Every divorce is different. At Elise Buie Family Law Group, we recognize that all marriages are comprised of two individuals with different perspectives, values, attitudes, beliefs and backgrounds. The process will unfold differently for each and every couple, especially when children are involved. We're here to guide you every step of the way, working as a team to confront any possible issues.
How Divorce Works in Washington State
Divorce in Washington is legally called “dissolution of marriage.” This process terminates a marriage and determines the parenting of minor children, family support, division of property and liabilities. Washington is a no-fault state, meaning that a spouse does not have to prove wrongdoing to obtain a divorce. The general rule is that a spouse can obtain a divorce if the marriage is “irretrievably broken”. The other spouse does not have to agree in order for the other partner to file for a divorce.
Washington is a community property state: all property acquired during marriage is presumed community property. All property acquired before marriage and after separation is presumed individual property, with a few exceptions. The party claiming that an item of property is separate or community is responsible for providing proof.
Where to file
In Washington, dissolution of marriage is handled by the Superior Court, or sometimes Family Court. For convenience purposes, most cases are filed in the county where the filing party, or petitioner, resides. However, they can be filed in the home county of the other parent. There are no length of residency requirements in WA.
What to file
Every document that is filed with the court is called a pleading. WA has mandatory court forms that must be used as pleadings in dissolution proceedings. The dissolution process begins by filing a Summons, Petition for Dissolution of Marriage and accompanying documents. Once the Petition is filed, the court will issue a case number. This number should be included on all future pleadings. In some counties, the court will also issue a case schedule. This schedule contains all of the court deadlines associated with your dissolution. Some counties also issue automatic restraining orders upon filing.
The dissolution process does not officially begin until the other party is properly served. There is a 90 day waiting period in WA, meaning that at least 90 days must pass from the date the Petition was filed and served and the date the dissolution can be entered with the Court. Once the court is made aware that service has been made, the 90 day waiting period begins.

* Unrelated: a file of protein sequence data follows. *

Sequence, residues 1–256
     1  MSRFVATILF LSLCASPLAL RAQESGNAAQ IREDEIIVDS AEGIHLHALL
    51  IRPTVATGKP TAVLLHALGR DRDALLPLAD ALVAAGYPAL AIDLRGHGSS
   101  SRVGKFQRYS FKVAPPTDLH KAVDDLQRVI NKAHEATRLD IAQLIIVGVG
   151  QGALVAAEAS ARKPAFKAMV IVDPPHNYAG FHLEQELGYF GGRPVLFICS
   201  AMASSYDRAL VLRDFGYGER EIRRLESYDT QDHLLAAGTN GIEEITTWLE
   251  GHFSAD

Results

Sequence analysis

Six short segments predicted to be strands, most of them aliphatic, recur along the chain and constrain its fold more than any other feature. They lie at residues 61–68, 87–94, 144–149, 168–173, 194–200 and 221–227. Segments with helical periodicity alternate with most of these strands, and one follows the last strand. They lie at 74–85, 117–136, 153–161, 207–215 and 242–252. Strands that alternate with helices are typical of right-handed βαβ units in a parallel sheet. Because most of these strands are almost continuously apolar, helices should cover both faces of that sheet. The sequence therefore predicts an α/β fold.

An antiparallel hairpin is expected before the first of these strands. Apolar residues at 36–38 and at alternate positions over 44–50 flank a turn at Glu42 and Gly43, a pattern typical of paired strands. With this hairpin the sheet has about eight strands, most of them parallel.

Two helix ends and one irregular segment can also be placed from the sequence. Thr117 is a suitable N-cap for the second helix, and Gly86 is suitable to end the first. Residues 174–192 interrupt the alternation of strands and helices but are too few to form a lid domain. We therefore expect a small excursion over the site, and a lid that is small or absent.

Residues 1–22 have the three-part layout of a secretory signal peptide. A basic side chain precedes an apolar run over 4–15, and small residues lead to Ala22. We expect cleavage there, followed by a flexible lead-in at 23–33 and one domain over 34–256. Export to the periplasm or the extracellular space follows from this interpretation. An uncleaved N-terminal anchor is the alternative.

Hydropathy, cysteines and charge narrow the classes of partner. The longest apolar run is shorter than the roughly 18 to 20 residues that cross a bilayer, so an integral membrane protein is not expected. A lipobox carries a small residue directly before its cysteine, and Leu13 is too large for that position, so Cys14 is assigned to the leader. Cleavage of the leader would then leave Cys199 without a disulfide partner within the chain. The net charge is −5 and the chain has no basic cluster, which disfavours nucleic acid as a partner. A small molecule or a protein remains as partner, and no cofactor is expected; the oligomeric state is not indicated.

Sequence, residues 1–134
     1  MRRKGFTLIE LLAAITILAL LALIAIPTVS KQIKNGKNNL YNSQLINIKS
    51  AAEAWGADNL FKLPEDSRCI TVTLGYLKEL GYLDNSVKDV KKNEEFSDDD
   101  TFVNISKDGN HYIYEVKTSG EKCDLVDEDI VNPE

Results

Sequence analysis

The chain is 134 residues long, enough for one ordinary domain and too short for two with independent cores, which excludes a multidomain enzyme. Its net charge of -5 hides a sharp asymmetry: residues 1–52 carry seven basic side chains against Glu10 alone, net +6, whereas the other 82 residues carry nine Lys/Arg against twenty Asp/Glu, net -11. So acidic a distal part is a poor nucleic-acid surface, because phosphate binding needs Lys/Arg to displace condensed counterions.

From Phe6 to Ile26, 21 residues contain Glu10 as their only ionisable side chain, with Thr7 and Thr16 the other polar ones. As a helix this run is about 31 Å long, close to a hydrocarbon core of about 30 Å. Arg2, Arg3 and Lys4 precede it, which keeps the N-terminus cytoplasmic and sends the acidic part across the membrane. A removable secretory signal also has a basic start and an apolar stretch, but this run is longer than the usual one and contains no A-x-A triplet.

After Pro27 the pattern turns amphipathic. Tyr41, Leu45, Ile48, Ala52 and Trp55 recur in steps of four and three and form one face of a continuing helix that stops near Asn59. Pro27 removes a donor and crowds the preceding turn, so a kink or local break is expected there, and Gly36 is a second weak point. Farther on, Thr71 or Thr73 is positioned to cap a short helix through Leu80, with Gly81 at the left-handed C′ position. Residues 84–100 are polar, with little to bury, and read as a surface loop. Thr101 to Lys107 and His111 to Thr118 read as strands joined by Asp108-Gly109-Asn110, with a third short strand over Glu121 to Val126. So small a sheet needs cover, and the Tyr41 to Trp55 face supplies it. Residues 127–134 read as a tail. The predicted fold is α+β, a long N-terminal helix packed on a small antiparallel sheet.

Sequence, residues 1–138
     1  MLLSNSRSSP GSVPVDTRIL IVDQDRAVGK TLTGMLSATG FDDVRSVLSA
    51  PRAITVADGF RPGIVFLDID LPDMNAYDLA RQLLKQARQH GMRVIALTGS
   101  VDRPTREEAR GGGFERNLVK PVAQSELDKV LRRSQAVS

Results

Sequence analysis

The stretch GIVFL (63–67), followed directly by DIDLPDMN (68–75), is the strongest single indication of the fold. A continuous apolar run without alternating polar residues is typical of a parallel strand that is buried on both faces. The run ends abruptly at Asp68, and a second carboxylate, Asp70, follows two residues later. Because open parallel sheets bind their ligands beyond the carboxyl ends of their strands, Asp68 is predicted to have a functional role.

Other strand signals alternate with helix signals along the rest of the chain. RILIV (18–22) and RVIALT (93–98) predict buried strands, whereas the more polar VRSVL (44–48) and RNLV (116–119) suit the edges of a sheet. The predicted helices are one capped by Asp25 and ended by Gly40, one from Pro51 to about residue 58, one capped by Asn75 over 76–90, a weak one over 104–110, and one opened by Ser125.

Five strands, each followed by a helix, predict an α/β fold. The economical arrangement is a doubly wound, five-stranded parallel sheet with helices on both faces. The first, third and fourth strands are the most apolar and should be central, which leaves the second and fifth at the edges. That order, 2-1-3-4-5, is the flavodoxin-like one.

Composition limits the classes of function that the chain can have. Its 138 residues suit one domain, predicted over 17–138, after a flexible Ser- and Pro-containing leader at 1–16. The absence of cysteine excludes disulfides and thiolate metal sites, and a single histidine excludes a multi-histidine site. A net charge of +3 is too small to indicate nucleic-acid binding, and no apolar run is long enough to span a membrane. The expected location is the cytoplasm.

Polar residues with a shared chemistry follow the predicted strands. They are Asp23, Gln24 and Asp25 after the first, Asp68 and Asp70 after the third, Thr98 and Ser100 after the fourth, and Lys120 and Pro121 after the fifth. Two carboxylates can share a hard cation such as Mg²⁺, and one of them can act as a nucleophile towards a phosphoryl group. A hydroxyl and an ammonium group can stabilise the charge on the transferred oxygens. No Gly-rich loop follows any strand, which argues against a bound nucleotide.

The non-filing party, (respondent) must file a Response to the Petition within a certain time period from the date they were served or accepted service.
After a case is filed, and before it is resolved, sometimes it is necessary to ask the court for an award of temporary relief. This usually happens when the parties have a dispute about payment of bills, support, or issues involving children. The court has the power to make a temporary award of custody, parenting time, child support, and spousal support, which will remain in place until further order of the court or the case is resolved.
Under certain circumstances, the court can award one party the temporary exclusive use and possession of real or personal property. Other temporary relief may include an order to keep the parties form doing anything drastic to impact marital assets. An order may be imposed to keep the status quo regarding each parent's contact with the children until temporary custody and parenting time can be resolved. If a child is in immediate danger, the court may award one parent temporary “emergency” custody of that child. Sometimes the parties can agree on Temporary Orders, while other times they must present oral arguments in front of a Court commissioner.
This is the process of gathering information related to all aspects of the dissolution. This process allows each party to gain insight on the other's financial information, parenting arrangement, property characterization and a multitude of other things.
Settlement and trial
Most cases settle before going to trial. Often, the parties attend mediation and are able to resolve the issues. In the event the parties do not reach an agreement, they proceed with trial.
If you are considering a divorce or have been served with divorce papers, it is important to retain the services of an experienced family law attorney to protect you and provide you with the necessary legal counsel during the divorce proceedings. A dedicated attorney can inform you of your legal options, provide helpful guidance, and defend your rights.
Our law firm works exclusively on family law issues. We take a personalized approach to every client. We will meet with you to help you fully understand the law and what to expect. Our goal is to guide you through every step of the process and help you reach the best possible solution.
Your Family's Future is our First Priority